Grade III injuries may require surgery, especially if other structures (like other foot ligaments or tendons) are involved. Repair or tightening of the ligament may be necessary. Physical therapy will focus on restoring motion, strength and function based on the physician’s post-operative protocol. Full return to activity will depend on:

  • Restoration of pain free full range of motion
  • Patient ambulating independently without a limp
  • Objective muscle strength in the 90% range

Physical Therapy Interventions

Common physical therapy interventions for this condition include:

  • Manual Therapeutic Technique (MTT): hands on care including soft tissue massage, deep friction massage and joint mobilization by a physical therapist to regain mobility and range of motion of the foot.
  • Therapeutic Exercises (TE) including stretching and strengthening exercises to regain range of motion and strength to protect and stabilize the foot and affected ligament.
  • Neuromuscular Reeducation (NMR) to restore stability, begin retraining the lower extremity chain and improve movement technique and mechanics (running, jumping and cutting) in use of the involved foot in daily activities.
  • Modalities that can include use of ultrasound, electrical stimulation, ultrasound, ice, cold laser and others to decrease pain and inflammation at the foot and ligament.
  • Home program includes strengthening, stretching and stabilization exercises as well as instructions to help the person perform daily tasks and advance to the next functional level.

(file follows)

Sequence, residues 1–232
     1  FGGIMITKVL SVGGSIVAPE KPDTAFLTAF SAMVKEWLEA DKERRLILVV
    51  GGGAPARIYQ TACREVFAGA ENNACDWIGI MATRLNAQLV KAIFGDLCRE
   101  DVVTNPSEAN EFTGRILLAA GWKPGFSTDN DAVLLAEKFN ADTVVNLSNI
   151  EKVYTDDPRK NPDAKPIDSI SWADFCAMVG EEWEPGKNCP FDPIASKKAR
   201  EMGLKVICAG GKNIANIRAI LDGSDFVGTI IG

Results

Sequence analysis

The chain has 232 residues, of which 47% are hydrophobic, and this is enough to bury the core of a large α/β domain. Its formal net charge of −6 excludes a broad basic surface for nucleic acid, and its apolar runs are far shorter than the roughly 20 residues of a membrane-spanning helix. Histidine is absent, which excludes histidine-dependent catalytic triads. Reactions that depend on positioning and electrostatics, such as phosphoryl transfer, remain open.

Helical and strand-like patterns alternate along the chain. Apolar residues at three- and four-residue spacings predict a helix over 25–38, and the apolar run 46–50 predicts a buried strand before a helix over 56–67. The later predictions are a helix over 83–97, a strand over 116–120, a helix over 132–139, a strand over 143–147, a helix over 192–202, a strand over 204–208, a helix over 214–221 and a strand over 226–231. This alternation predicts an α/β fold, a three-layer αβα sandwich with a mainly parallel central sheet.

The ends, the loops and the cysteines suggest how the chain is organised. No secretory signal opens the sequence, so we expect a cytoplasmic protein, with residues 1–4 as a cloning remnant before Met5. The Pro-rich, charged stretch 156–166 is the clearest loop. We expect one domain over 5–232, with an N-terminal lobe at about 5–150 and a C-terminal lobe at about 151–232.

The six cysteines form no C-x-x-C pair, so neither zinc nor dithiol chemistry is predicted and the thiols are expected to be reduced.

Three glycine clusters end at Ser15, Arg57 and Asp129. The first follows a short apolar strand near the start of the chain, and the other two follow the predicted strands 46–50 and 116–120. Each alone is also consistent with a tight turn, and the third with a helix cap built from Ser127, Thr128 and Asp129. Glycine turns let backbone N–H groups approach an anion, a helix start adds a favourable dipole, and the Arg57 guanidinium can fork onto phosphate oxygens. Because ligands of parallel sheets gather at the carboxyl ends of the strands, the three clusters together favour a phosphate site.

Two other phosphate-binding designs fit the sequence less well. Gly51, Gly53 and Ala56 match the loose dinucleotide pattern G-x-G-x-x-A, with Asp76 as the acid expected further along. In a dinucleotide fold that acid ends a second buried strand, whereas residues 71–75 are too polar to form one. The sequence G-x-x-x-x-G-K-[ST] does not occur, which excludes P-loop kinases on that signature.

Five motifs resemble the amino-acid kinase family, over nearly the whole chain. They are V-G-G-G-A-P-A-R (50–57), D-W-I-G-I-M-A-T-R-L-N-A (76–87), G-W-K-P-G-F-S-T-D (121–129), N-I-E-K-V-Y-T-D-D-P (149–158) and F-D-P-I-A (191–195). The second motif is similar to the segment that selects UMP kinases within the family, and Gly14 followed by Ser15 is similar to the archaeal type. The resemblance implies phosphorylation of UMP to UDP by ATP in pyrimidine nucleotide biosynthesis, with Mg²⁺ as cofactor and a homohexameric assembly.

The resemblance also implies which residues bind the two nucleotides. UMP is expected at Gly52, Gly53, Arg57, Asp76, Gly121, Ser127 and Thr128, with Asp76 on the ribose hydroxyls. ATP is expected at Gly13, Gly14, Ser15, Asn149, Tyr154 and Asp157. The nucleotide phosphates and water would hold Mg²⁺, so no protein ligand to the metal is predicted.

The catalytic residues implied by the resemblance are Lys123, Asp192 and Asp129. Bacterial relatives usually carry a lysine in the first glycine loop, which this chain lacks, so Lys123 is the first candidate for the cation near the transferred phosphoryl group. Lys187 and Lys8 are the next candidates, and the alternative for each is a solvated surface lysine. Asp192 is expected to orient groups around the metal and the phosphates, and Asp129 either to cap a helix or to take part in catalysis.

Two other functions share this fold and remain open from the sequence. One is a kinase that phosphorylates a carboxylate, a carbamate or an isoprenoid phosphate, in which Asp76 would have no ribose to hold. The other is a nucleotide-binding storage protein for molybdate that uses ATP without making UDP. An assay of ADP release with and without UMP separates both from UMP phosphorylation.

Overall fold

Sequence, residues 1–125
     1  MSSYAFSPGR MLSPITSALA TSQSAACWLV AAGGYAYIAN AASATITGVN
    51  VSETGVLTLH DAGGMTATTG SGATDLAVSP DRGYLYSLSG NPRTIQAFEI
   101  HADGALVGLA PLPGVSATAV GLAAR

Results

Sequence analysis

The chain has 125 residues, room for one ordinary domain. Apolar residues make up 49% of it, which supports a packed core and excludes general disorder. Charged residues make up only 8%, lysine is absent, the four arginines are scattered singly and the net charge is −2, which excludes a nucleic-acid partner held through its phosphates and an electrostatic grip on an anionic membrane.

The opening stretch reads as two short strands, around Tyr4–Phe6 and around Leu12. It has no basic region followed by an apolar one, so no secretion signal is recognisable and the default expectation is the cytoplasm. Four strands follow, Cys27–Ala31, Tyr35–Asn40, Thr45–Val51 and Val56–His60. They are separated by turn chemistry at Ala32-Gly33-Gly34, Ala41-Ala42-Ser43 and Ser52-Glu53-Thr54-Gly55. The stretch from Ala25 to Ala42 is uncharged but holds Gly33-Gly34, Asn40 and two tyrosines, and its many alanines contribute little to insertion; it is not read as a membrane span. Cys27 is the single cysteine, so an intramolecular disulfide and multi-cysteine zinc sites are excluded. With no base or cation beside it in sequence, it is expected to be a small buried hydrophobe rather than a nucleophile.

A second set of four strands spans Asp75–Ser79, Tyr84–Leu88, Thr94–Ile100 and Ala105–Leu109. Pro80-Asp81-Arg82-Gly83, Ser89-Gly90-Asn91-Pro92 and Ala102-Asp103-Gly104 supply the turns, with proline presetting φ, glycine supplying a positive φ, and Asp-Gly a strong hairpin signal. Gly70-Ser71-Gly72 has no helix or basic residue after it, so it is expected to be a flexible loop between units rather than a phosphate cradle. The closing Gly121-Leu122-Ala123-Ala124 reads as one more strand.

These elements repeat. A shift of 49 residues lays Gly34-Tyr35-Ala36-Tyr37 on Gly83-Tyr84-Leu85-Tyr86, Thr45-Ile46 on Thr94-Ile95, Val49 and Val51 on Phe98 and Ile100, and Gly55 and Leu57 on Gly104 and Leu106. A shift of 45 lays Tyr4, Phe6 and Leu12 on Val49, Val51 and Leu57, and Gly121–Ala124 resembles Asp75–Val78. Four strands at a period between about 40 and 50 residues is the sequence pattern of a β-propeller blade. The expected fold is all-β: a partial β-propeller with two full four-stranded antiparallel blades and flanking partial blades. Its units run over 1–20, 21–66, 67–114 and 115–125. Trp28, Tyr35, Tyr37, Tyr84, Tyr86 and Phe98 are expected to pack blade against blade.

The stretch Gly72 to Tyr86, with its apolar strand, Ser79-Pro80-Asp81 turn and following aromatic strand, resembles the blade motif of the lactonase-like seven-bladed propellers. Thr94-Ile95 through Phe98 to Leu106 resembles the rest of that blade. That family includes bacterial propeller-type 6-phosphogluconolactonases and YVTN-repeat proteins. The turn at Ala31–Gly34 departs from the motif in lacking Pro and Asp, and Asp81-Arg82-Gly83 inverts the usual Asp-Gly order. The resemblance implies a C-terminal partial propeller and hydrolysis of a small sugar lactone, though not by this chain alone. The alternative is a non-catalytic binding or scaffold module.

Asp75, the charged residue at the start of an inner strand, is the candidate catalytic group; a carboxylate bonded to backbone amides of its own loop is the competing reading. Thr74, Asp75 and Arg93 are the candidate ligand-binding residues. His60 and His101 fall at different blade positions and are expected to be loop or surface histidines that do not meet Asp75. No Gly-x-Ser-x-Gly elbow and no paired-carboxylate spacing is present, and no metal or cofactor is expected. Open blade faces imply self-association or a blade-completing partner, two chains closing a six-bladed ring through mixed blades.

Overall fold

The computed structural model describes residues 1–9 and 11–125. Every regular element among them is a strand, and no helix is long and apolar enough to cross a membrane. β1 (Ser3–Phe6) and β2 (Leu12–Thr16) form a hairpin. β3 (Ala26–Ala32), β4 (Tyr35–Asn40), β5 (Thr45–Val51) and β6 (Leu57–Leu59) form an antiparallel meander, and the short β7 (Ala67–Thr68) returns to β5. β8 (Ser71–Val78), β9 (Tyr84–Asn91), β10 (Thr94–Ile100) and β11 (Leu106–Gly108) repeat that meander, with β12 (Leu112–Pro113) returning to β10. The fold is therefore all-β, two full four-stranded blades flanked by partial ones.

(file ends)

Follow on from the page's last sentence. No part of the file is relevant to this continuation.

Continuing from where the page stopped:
Medical Management

Following an injury to the ligaments of the ankle one should seek a full evaluation from a physician or health care provider. Treatment may consist of the following:

  • Clinical evaluation including a physical exam, X-rays and MRI in more severe Grade III injuries
  • Use of ice and immobilization to stabilize and rest the joint
  • Anti-inflammatory medication and pain medication as needed
  • Progression to a brace if indicated
  • Referral to physical therapy to progress rehabilitation following a period of immobilization.
  • Surgery may be indicated in Grade III injuries or cases involving damage to other foot structures secondary to instability.

Prognosis

The prognosis for these injuries when cared for correctly is good. Time frames vary with the severity of the injury. As a general rule, ligament density and incidence of instability play a role in how quickly these injuries heal. Grade I and II may take 4-8 weeks while Grade III injuries will require 3-4 months.